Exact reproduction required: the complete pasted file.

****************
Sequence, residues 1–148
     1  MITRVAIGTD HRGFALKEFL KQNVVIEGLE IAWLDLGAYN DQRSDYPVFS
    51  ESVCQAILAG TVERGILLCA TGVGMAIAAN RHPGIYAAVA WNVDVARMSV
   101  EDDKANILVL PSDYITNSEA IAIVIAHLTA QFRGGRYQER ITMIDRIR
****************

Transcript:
Sequence, residues 1–148
     1  MITRVAIGTD HRGFALKEFL KQNVVIEGLE IAWLDLGAYN DQRSDYPVFS
    51  ESVCQAILAG TVERGILLCA TGVGMAIAAN RHPGIYAAVA WNVDVARMSV
   101  EDDKANILVL PSDYITNSEA IAIVIAHLTA QFRGGRYQER ITMIDRIR